Dogs with jobs

Image of a running puppy
Making a hard days' work look like a walk in the park
Daisy detected Claire’s undiagnosed breast cancer
  • | by Amanda Bathory

Work ca-nine to five, what a way to make a living.

In a world where robots could take four million UK private sector jobs within 10 years, we may have to rely on man’s best friend to pay the mortgage. But, with these good dogs at the helm, letting them take the lead seems like a pretty good option.

Bodhi models menswear

Medical Detection Dogs was started in 2008 by animal behaviourist, Claire Guest.

In 2009, her wonder-dog Daisy detected Claire’s undiagnosed breast cancer – it was a revelation that pushed her to research just how sensitive dogs are to human disease.

Under Claire’s training, dogs like Daisy help detect cancer, Parkinson’s and malaria, and 70 are placed with patients battling to keep long-term illnesses, such as diabetes, in check too.

Their prostate cancer detection has reached 93% reliability, a startling result when traditional PSA blood tests yield 75% false positive rates.

“It takes six months to train a bio detection dog” says Claire, “the assistance dogs have 18 months puppy socialising and public access training, followed by up to 14 months of scent and alert training.”

If a pup sniffs a sample and detects a disease, they’ll sit, stare at the sample and be rewarded for their good work.

Which dogs are best suited to the vocation? Labradors, terriers, poodles, and spaniels, according to Claire, but their aptitude for the role comes down to personality, “The bio detection dogs have bundles of energy and love to solve the puzzle we set them,” she says.

“The medical assistance dogs are similarly bright and energetic so that they are always ready to alert their owner’s to chemical changes in their bodies that signal an imminent medical crisis.”

Stand aside, GPs.

Retrieve and rescue

Image of a rescue dog

Across England and Wales, there are 48 mountain rescue charities that rely on a dog’s expertise to rescue lost ramblers, Alzheimer patients, children and suicide victims.

Air scenting dogs are trained to sniff the wind, catch a scent and find its source. Once they’ve spotted the lost or injured party, the dog runs back to its handler and guides them back to the right spot.

Trailing dogs follow ground and air scent, and usually work on the lead with a mountain rescue volunteer following closely behind.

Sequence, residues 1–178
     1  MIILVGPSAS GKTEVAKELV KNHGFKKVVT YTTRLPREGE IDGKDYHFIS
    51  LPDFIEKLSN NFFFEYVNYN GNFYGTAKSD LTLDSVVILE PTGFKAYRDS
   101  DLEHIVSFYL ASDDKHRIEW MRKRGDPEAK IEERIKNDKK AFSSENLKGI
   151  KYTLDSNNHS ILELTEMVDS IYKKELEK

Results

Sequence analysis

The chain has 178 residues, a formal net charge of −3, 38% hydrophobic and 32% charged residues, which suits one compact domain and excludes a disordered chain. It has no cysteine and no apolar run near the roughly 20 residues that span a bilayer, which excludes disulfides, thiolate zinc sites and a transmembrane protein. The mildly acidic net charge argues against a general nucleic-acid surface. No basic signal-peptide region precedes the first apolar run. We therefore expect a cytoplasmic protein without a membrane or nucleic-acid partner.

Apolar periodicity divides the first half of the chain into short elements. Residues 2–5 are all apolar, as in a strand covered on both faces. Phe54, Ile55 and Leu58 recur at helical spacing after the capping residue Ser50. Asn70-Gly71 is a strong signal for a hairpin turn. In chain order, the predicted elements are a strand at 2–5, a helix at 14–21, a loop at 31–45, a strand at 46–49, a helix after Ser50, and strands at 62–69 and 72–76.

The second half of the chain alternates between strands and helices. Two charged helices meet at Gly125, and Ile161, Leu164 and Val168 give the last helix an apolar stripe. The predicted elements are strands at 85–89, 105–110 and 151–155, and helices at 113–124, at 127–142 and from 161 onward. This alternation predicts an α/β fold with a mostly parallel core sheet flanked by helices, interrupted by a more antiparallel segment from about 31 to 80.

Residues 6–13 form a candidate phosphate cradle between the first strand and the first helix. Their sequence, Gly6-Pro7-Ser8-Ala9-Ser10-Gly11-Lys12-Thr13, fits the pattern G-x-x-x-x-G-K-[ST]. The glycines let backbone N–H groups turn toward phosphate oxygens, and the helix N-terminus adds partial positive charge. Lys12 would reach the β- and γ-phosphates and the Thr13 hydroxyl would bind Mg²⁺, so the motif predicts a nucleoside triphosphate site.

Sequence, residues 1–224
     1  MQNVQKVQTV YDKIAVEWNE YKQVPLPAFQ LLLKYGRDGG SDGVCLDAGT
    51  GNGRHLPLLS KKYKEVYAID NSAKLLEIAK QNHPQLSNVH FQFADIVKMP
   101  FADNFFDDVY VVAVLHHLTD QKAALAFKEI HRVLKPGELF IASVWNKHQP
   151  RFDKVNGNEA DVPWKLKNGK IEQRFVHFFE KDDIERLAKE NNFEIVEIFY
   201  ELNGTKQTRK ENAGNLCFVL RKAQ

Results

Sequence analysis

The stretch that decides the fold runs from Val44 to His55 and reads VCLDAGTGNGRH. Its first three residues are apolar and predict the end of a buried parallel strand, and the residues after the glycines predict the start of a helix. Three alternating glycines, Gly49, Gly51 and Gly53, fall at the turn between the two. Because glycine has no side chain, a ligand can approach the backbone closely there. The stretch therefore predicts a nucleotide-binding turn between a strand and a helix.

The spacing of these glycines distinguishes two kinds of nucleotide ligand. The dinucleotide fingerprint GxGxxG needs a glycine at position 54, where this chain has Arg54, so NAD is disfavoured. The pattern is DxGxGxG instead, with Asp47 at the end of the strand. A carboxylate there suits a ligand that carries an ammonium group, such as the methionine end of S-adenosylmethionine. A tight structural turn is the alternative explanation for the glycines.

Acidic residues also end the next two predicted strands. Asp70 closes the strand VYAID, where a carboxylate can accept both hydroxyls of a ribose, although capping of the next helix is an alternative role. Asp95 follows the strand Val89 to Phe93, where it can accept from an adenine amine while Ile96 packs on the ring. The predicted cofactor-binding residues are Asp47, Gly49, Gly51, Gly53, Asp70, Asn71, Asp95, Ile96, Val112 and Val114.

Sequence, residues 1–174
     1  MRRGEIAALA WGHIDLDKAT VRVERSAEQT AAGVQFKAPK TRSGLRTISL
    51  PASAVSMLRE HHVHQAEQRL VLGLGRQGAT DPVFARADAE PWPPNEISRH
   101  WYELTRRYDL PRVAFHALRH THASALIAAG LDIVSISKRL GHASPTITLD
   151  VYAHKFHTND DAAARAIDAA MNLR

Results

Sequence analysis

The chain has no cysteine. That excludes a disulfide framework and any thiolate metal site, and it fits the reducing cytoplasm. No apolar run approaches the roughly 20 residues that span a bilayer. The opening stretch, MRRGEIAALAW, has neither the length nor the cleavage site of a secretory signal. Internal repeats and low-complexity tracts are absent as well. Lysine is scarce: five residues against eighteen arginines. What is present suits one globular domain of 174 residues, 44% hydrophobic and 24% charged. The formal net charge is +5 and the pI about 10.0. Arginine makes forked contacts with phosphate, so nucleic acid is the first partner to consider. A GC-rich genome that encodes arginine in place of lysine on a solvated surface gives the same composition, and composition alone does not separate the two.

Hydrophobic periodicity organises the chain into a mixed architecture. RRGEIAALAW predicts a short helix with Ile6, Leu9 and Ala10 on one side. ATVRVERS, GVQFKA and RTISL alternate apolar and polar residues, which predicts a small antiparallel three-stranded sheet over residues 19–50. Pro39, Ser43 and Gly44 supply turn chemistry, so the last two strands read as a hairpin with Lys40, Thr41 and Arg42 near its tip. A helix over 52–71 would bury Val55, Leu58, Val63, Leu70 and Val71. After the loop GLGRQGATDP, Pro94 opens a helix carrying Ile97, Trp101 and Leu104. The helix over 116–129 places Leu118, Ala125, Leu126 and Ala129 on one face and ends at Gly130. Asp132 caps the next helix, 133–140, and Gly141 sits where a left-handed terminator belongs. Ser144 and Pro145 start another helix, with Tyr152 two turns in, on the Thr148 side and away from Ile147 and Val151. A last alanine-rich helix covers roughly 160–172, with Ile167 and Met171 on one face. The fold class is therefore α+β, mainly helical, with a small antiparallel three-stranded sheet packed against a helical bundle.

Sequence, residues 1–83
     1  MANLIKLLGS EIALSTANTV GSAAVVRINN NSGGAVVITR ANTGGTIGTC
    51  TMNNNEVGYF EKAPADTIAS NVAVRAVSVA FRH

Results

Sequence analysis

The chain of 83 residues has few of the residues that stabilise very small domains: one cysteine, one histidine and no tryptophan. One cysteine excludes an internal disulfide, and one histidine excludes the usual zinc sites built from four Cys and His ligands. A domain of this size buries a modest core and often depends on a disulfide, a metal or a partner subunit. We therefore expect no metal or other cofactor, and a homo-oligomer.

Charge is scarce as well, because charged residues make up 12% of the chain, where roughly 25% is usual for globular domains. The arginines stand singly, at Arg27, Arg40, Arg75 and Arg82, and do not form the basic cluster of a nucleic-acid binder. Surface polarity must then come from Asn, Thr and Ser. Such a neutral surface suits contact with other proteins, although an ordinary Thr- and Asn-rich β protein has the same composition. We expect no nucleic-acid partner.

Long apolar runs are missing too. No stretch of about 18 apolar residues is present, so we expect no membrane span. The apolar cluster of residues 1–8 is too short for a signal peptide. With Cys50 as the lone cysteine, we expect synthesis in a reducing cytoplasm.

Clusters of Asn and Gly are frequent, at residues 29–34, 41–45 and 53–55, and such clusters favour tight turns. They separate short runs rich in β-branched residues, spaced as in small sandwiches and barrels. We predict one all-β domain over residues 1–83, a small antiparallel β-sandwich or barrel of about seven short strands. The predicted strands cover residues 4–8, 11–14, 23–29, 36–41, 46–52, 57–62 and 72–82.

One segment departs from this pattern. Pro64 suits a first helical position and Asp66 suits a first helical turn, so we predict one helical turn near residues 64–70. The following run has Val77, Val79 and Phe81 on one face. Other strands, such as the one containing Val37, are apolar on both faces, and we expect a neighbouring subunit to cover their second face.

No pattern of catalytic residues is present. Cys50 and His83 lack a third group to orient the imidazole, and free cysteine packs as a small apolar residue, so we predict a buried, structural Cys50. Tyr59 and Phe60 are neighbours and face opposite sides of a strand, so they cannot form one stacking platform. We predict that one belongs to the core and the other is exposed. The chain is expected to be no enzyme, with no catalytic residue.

Labradors, German shepherds and border collies are well suited to mountain rescue, but regardless of the breed, every dog goes through rigorous training to prepare them for the challenge and terrain ahead.

It takes two years, plus a number of grades and assessment tests, to become fully qualified.

Once they’re a full search dog there’s no stopping them – bad weather, pitch black, mountain terrain and even urban environments are no problem for these pooches.

Lucy Lou leads the town

Border collie turned bureaucrat, Lucy Lou, was the mayor of Rabbit Hash, Kentucky, between 2008 and 2016.

But a canine candidate isn’t anything new for the townsfolk. The 315-strong population previously voted in two other dogs, and when Lucy Lou retired from local office, a rescue pitbull named Brynneth Pawltrow was voted in with more than 3,000 votes.

The average annual salary for a mayor in the USA in 2017 is $62,000, but rather than shoulder big taxes to pay government salaries, the Rabbit Hash community pay to vote and all the money raised is funnelled back into the community.

Bone-us fact: Lucy Lou also ran for president in 2016.

Sleigh ride from Christmas road

An image of a husky sleigh ride

Travel to the Santa Claus village in Rovaniemi, Lapland, and you’ll meet more than just the big man himself.

More than 70 pure-bred Siberian Huskies, plus their many, many litters of puppies, live in the Arctic Circle Husky Adventure Park at 3 Christmas Road.

Throughout the year, they accompany tourists on sleigh safaris cross-country. Visitors can tour the Arctic Circle's breath-taking landscape and explore the parkland specially designed for the dogs' wellbeing. All the while, the huskies zoom ahead in front of a sled, or just a few paces away on a lead.

These gorgeous pack dogs are born to run, merrily galloping along for between 30 to 60 kilometers per day. Mush!

Turret and Glen catch mice